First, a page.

These Affordable Apartments Show How We Can Rethink Home Design To Fight Rising Rents

Crazy thought: What if affordable housing also looked nice? Modular micro-sized apartments in cities like Tokyo and Seattle are getting both more popular and extremely tiny, as residents struggle to afford these cities’ sky high rents. New Yorkers, who have always taken pride in their small living spaces, were starting to get jealous. No longer. This summer, New York City has jumped onto the bandwagon. Its first micro apartment building, consisting of 55 prefab units that are all well below the city’s regulated minimum apartment size of 400 square feet, is up and running on Manhattan’s east side. Cornell Tech Residences – Handel ArchitectsHandel Architects To get it built, city officials waived regulations. They did so in order to experiment with new designs that create more affordable housing in a city that sorely needs it. Today, more than half of city households devote more than 30% of their income to rent, which is the threshold for affordability as defined by federal guidelines. A family would need to make a minimum income of $114,000 a year to afford the median home price citywide (and a lot more in Manhattan). As a remedy, Mayor Bill de Blasio has pledged to build or preserve 200,000 affordable apartments over 10 years. That mandate has architects and engineers thinking about their role in meeting affordability challenges. Famous architects of the past, such as Frank Lloyd Wright and Buckminster Fuller, used to understand that design played a big role in affordable living. But that’s been lost in the debate, says Marc Norman, the curator of a new exhibit by New York’s Center for Architecture called...
Renovation of downtown Pythian building focuses on middle-income renters

Renovation of downtown Pythian building focuses on middle-income renters

Luxury is a moniker applied to the hundreds of apartments opening in renovated downtown New Orleans office buildings by hungry developers. For most locals, the word equates to expensive. A team led by Green Coast Enterprises, the nonprofit Crescent City Community Land Trust and ERG Enterprises is attempting to buck that trend and bring a new kind of affordable housing to the rapidly changing downtown neighborhood. The developers this week began a $38 million renovation of the historic Pythian building at 234 Loyola Ave. into apartments targeted at middle-income workers in the Central Business District who don’t qualify for discounted housing and can’t pay full-market rates. Using a community land trust model, the apartments must stay affordable for at least the next 50 years, and they can stay at that level for 99 years. The hope is to carve out some ground for economic and racial diversity as private developers gobble up the remaining vacant buildings amid a $3 billion real estate boom downtown. “There’s a story to be told here about who we are, and we think that is different than the next high-end condo project that’s going to be built down the street,” said Will Bradshaw, co-founder and president of Green Coast Enterprises. Developers say the renovation will harken to the century-old, eight-story building’s rich history as a hub for African-American businesses and a gathering place for people of different races and classes for jazz and theater. The Pythian was constructed in 1908 under the direction of S.W. Green, a prominent businessman and leader of the Grand Lodge Colored Knights of Pythias, a black fraternal organization. Historic high-rise building being...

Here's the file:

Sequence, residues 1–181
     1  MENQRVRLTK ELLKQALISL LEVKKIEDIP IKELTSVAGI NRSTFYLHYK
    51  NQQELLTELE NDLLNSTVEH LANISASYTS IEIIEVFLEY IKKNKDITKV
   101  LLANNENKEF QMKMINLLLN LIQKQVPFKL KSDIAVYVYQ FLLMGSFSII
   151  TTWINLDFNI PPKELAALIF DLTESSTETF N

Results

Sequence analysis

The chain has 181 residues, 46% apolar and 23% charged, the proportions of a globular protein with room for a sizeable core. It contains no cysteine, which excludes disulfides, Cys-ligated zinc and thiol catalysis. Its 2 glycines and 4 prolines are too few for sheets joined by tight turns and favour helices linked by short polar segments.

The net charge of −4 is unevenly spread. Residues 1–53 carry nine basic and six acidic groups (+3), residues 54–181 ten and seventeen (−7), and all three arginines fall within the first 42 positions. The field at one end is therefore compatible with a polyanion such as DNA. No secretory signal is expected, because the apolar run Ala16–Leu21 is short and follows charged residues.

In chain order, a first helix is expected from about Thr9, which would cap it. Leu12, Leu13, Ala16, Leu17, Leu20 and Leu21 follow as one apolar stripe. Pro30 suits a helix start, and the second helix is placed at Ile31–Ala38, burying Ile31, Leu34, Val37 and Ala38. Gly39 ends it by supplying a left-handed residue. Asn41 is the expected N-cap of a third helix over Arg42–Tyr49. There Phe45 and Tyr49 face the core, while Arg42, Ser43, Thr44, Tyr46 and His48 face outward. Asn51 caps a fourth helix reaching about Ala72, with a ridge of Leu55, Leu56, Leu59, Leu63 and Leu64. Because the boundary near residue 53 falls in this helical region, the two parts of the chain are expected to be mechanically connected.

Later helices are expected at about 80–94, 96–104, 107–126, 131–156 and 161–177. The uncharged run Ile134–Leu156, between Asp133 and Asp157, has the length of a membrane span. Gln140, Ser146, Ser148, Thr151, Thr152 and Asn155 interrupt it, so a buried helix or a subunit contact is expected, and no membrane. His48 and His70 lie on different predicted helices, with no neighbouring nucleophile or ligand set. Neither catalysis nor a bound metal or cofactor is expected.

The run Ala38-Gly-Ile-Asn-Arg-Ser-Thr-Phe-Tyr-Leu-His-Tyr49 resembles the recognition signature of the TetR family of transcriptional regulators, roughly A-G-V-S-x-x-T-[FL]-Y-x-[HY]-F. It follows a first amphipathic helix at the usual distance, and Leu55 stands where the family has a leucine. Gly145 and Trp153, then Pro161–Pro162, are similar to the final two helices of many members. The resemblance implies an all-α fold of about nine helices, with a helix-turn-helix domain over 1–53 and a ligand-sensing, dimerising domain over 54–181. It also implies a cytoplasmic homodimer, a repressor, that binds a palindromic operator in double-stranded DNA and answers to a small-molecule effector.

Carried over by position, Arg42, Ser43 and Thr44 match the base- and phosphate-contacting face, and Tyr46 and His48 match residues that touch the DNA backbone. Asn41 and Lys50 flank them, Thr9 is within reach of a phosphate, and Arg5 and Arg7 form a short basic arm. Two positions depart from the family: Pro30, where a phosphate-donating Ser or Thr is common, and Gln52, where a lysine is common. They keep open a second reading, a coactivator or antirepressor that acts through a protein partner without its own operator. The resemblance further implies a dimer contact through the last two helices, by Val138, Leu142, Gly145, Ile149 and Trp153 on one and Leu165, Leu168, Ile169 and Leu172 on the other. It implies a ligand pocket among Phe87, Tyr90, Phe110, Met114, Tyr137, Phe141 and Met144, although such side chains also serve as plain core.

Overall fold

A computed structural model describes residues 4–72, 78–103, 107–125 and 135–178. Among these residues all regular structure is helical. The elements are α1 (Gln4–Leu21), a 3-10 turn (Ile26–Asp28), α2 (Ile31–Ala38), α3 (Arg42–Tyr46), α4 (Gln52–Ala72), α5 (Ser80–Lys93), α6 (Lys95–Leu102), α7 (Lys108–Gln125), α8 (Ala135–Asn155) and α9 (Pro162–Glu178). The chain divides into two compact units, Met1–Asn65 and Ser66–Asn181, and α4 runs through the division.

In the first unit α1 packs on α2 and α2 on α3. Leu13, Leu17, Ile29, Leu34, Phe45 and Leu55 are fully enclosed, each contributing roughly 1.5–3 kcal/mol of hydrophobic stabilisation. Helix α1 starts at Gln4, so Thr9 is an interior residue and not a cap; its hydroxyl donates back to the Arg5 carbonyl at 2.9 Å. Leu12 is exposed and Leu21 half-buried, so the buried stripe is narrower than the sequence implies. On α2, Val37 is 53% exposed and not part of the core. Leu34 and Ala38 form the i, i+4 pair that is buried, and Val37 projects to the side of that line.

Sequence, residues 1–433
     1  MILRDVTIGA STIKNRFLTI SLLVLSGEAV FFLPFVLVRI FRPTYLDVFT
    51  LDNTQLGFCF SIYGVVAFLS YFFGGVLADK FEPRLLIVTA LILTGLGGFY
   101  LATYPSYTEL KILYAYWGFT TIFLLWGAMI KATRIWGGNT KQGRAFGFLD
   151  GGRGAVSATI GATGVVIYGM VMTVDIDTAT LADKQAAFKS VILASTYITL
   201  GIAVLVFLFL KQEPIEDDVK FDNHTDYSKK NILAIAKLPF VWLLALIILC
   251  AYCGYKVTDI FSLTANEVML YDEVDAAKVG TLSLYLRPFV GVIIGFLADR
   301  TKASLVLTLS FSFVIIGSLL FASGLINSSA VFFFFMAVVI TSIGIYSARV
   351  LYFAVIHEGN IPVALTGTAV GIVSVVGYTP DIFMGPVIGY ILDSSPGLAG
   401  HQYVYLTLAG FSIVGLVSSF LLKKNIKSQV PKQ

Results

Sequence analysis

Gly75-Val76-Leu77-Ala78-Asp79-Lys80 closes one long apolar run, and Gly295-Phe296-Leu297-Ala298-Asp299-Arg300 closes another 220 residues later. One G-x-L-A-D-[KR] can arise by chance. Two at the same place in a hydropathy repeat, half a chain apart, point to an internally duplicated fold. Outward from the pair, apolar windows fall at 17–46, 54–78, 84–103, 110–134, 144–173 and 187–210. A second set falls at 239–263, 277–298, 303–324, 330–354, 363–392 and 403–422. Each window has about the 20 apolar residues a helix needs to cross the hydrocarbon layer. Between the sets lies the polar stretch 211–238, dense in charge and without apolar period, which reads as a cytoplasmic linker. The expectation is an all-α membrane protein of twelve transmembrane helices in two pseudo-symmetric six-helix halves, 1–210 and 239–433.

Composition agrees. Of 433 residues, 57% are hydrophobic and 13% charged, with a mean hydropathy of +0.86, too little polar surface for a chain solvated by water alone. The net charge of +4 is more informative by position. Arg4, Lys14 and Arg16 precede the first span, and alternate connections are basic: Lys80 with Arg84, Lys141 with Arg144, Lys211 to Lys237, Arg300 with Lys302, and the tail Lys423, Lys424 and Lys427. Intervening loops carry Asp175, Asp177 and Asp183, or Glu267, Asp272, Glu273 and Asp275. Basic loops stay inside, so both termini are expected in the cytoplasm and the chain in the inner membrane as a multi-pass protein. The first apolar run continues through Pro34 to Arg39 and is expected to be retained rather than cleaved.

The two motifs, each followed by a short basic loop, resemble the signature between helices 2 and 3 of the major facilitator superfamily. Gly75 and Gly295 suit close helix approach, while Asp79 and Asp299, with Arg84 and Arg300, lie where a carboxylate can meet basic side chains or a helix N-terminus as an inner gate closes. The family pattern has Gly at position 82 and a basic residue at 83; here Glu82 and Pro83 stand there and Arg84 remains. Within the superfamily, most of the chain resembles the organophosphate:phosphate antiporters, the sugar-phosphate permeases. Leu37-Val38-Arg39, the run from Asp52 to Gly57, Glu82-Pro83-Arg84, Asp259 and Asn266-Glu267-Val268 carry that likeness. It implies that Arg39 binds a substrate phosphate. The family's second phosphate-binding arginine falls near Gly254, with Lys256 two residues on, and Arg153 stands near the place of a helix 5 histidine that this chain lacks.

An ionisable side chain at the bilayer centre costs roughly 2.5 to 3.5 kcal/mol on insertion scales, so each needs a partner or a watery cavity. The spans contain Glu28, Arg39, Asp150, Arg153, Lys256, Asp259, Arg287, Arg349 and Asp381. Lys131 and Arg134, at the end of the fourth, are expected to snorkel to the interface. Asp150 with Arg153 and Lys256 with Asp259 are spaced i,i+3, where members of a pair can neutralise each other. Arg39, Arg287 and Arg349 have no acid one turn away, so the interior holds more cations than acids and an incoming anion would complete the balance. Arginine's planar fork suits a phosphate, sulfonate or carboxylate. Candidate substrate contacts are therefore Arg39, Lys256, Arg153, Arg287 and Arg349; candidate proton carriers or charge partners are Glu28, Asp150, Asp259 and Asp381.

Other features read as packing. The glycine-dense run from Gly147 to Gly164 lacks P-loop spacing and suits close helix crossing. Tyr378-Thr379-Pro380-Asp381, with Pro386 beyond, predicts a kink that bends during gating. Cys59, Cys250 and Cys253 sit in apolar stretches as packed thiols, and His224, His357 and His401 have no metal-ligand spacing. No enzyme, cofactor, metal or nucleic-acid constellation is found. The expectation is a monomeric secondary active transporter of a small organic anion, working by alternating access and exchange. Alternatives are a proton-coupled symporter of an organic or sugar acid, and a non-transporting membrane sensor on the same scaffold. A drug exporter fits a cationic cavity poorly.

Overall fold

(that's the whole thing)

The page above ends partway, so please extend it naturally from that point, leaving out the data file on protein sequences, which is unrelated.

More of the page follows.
Long-planned Kakaako affordable rental project goes after final piece of funding